Studies have shown that hiking can be used as additional therapy for those who suffer from severe depression. Helping to increase self-esteem and self-perception hiking can make life happier overall.
Hiking is proven to make you more creative. Studies show that up to a 50% increase in problem solving and creativity after a hike.
Hiking is proven to decrease and treat high blood pressure, diabetes, heart disease, and even cancer. Some studies suggest that long distance hiking improves your antioxidative capacity which helps fight off disease.
Being physically active can increase your lifespan. Studies show that regularly active people are likely to live several years longer than inactive people.
"Hiking renews your sense of independence and control," adds Jenifer Joy Madden. "While you are hiking you are constantly making decisions and following your curiosity. Those vital skills are often left untapped at work when we are always following orders and stepping to the rhythm of other peoples' drums."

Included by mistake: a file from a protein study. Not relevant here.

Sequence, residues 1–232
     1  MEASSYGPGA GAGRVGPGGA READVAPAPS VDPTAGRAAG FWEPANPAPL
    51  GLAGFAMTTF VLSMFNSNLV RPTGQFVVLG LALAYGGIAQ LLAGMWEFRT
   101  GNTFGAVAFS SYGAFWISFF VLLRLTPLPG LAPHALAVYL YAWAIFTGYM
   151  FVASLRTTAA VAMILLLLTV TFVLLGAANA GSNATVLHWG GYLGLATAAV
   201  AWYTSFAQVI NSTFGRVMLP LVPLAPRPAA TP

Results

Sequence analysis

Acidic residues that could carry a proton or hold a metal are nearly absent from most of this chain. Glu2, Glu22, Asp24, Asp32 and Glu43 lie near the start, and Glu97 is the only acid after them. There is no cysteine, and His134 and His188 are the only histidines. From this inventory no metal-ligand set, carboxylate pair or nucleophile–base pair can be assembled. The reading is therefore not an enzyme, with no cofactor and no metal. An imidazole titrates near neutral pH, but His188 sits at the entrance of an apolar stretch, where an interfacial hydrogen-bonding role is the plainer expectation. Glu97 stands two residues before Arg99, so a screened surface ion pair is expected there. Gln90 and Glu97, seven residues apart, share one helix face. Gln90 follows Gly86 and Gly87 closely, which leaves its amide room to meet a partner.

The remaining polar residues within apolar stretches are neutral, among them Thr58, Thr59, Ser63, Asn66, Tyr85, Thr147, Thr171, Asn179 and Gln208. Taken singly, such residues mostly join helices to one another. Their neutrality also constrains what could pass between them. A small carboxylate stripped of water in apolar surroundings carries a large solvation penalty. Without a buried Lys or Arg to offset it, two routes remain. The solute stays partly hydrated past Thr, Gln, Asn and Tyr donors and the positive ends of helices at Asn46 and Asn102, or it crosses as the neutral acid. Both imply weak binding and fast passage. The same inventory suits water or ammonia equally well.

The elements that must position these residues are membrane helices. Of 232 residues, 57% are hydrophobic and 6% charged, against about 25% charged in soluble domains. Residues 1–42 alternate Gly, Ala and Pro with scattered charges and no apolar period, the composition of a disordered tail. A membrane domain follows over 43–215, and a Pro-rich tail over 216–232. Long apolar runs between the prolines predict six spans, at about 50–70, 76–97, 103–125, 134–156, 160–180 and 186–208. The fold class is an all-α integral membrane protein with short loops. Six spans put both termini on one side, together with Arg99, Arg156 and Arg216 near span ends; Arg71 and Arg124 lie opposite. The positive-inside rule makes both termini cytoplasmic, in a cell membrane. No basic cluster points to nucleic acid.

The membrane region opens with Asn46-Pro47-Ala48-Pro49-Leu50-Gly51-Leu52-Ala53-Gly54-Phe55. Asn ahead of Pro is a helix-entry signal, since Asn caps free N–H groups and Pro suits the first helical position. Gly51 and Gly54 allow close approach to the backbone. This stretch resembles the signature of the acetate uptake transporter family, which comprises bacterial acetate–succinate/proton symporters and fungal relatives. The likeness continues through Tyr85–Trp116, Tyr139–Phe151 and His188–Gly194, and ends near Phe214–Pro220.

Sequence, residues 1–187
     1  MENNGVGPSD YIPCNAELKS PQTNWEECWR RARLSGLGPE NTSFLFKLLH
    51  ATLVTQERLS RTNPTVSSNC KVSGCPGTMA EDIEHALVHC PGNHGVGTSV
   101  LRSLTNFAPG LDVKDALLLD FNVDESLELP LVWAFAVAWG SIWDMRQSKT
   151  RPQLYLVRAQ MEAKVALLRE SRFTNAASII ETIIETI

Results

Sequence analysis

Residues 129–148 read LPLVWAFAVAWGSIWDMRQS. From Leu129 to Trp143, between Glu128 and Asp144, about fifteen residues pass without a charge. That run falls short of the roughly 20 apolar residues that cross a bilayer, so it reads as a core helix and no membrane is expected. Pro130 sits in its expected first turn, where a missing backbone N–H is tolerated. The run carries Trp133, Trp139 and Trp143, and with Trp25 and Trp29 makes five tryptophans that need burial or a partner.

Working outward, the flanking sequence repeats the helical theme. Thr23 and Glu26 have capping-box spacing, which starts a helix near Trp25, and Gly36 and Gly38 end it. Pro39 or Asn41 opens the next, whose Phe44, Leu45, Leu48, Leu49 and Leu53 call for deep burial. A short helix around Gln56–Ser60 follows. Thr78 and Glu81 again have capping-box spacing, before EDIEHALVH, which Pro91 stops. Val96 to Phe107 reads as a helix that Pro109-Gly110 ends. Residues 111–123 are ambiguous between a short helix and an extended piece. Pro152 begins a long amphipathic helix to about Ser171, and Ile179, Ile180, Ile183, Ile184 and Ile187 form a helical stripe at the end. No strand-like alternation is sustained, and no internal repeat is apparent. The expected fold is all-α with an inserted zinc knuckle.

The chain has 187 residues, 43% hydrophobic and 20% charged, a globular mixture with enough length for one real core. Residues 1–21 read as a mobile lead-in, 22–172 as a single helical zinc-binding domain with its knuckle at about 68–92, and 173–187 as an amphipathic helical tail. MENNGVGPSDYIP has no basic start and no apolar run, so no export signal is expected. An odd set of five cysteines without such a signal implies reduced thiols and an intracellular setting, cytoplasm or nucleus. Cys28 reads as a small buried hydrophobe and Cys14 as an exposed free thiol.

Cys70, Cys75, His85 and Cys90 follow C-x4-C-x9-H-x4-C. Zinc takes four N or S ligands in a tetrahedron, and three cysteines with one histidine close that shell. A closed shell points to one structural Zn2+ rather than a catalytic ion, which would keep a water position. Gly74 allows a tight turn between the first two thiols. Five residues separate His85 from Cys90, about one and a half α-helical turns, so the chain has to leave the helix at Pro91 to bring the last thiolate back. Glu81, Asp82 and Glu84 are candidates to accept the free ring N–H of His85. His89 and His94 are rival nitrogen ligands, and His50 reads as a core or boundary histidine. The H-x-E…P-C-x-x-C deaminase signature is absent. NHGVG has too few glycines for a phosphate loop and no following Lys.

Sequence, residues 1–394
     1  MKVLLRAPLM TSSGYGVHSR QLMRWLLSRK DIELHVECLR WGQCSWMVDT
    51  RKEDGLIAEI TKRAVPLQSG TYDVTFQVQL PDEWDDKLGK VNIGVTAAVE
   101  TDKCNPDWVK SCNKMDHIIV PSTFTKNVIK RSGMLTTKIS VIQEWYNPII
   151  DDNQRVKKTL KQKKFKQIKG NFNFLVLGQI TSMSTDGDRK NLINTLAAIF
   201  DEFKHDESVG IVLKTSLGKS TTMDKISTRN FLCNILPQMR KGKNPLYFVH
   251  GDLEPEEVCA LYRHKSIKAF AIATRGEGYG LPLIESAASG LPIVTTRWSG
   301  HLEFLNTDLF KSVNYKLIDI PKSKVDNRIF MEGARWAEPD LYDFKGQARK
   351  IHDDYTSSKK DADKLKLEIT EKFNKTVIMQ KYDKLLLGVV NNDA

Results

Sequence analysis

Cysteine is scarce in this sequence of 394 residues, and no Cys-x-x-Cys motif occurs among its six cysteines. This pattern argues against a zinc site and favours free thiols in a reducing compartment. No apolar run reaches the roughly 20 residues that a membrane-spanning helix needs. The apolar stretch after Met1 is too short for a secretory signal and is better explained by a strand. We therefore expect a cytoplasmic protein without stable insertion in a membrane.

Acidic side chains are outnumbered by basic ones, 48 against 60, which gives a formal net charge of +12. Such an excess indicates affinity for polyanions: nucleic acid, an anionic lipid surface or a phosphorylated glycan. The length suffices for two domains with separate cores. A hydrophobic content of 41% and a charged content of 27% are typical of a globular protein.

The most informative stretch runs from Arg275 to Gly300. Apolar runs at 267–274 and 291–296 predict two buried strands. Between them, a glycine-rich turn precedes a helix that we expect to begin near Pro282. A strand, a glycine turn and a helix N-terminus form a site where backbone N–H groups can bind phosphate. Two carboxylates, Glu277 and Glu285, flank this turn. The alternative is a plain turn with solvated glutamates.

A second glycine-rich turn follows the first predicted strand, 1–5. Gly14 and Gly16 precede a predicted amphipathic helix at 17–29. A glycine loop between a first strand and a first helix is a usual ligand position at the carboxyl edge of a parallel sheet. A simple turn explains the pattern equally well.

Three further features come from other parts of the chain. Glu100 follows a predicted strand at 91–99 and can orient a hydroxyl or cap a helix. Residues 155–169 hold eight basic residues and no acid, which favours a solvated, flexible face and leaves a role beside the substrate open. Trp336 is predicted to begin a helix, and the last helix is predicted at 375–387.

Reconnecting with nature can do wonders on your mental health. "As human animals, we are truly different from the machines we so often use," Madden explains. "We are of nature, so being with nature helps us to feel whole. It also revives our senses, which are what give us our strength and set us apart from digital devices."
Hiking gets you upright and on your two feet. Continuing bipedal locomotion will better your posture, strengthen your spine and joints, and therefore remove stress on your body and mind.
Getting out into nature will remove you from the environmental toxins and pollution that exists in the more urbanized world. Also, light and being outdoors tends to make people happier.
Hiking keeps you very fit. Just the physical activity of hiking on an incline for extended periods can burn some major calories. But, a recent study found that Americans who live at sea-level are four to five times more likely to be obese in comparison to those who live in high altitude communities.